Butterfly garden plants will help attract beautiful, graceful butterfly’s into your cottage garden. The moth is a cousin of the family and together they form an important group in many habitats. They come from larvae or caterpillars as we know them and many gardeners consider these pests but they are an important part of the diet of larger animals.
This dislike of caterpillars and a loss of habitat and food has lead to a drastic decline of many species of butterfly. Unless things change, and change quickly, the future of these gorgeous additions to the garden does not look good.
The caterpillar eats a large amount of plant matter and can increase its body size more than 30,000 times this food gets converted into tissue and can be a wonderful addition to the diet of other animals.
The main pests for the gardener are the cabbage white, tortrix, and tomato moth, but other species eat weeds. Moths also form a part of the diet of many of our native bat species.
The main threats for the butterfly and moth are loss of habitat and the use of pesticides. While killing off the pests many other non-threatening butterfly and moths get killed too.
Now more than ever the gardener can do so much to help the survival of many butterfly and moth species. Just a little knowledge and planting can help to bring back our native butterfly, moth and bee species. They are a part of the pollinators species and if we like fruit and vegetables and many other natural delights we need to give them a helping hand.
It does not matter where you live or how small a space you have to attract them into your garden, a window box will do, as a gardener you can help them along. As a cottage gardener you have the added bonus that all the plants that they love work naturally in a cottage garden plus cottage gardening is organic gardening so it really is a perfect fit.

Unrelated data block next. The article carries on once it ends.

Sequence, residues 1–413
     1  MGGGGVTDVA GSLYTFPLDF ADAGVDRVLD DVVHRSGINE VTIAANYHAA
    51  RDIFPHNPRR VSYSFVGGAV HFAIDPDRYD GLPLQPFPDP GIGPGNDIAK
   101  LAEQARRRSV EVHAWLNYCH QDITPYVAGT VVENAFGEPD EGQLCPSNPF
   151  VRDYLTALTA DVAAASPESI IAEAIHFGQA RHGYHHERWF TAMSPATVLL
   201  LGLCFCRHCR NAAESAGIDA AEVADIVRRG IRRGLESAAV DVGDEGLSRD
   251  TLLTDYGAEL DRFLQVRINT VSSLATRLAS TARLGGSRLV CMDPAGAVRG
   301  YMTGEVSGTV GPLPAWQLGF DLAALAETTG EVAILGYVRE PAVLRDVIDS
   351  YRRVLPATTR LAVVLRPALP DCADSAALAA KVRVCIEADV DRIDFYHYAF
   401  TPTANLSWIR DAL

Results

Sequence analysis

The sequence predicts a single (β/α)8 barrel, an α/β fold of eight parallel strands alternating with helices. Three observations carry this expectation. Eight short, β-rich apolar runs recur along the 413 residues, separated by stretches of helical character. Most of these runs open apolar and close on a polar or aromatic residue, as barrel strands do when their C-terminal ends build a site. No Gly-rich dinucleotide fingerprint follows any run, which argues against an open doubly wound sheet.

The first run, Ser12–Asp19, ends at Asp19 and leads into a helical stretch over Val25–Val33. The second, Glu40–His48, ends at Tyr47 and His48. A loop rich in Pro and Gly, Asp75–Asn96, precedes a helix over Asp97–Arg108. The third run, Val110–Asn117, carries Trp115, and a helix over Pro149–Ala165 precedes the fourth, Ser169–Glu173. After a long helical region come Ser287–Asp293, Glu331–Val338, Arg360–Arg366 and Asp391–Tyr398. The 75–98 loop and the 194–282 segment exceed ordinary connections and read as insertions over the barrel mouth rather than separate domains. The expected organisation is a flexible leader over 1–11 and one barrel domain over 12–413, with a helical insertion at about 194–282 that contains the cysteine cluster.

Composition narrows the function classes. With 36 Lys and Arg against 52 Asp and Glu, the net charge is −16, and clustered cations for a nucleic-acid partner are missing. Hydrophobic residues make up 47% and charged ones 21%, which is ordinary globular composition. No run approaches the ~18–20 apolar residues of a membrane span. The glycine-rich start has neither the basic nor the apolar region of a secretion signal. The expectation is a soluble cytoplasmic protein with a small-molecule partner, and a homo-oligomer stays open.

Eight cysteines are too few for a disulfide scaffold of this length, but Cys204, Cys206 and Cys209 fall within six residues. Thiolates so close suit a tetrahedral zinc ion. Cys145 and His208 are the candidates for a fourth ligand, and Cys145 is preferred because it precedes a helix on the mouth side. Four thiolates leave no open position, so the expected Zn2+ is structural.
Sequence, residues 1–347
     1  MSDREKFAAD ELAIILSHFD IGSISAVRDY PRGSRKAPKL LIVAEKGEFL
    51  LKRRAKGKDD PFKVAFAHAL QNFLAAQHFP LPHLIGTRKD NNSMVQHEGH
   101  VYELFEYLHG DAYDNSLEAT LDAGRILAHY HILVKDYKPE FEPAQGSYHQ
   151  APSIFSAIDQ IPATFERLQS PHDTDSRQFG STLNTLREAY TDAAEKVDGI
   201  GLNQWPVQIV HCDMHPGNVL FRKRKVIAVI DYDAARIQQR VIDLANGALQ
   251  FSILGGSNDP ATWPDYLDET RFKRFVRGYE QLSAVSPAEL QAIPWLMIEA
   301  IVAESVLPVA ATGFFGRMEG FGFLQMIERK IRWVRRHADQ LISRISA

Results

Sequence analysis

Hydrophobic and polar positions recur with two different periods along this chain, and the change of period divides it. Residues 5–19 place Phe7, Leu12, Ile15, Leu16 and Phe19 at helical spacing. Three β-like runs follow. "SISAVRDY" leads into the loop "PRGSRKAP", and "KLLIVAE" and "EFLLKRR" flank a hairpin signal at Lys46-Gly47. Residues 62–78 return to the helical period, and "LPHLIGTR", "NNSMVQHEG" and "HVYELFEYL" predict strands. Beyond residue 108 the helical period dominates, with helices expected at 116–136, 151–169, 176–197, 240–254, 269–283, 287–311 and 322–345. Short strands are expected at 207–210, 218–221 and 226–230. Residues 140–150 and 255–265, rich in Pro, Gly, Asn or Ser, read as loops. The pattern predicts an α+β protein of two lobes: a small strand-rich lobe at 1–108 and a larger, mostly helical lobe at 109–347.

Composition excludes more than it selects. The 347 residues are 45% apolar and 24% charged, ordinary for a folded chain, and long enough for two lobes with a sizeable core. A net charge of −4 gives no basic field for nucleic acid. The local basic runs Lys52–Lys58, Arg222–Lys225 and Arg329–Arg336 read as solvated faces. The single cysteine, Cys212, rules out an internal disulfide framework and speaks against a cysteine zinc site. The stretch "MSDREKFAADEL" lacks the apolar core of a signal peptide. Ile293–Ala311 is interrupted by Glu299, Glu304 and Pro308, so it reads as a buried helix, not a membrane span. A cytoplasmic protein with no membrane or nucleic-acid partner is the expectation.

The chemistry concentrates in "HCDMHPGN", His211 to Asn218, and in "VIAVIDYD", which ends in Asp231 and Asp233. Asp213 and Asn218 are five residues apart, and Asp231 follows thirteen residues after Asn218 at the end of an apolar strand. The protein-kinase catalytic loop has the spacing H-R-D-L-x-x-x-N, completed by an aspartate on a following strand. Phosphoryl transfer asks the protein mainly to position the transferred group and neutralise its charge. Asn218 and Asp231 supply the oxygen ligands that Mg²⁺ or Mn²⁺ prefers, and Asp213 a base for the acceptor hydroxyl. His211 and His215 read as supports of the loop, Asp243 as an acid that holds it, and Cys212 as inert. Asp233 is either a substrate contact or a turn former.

The main thing to remember when creating a wildlife garden or a cottage garden for that matter is to have a large variety of different butterfly garden plants. It is the modern use of monoculture that has helped the decline of so many of our native creatures. It would be a sad world indeed without our pollinators.
Many butterfly’s prefer a sunny feeding spot by day, moths on the other hand need night scented flowers with nectar.
What is equally important is caring for caterpillars so that they can become adult butterfly’s and moths. Caterpillars in fact suffer more than butterfly’s from the loss of food plants and over wintering places and habitat. So before the gardener begins to wage a war on caterpillars it’s good to remember that they are just butterfly’s in the making, even if they are eating machines!
You may have room in your cottager garden to create a ‘caterpillar crèche’ away from the vegetable garden and just let them eat to their hearts content. The area may look a little sad, but you will have the satisfaction of knowing that you are growing butterfly’s. The plants that they love are:
A good variety is what they need. When you plan your butterfly garden think like a garden chef. They want a buffet of sumptuous food…just like we do ;)
There are some plants that you may not consider planting or letting stay in the garden; stinging nettles are one of them but the tortoiseshell, Red Admiral and Peacock butterfly’s love them. Talking of Red Admirals they are particularly partial to pears that have fallen from the tree and are fermenting in autumn so leave a few on the ground and let them have a little party ;)
There is one plant that both bees and butterfly’s just cannot get enough of and that is the Butterfly Bush Buddleja davidii it smells of honey and they love it. If you only have room for just one plant this is the one.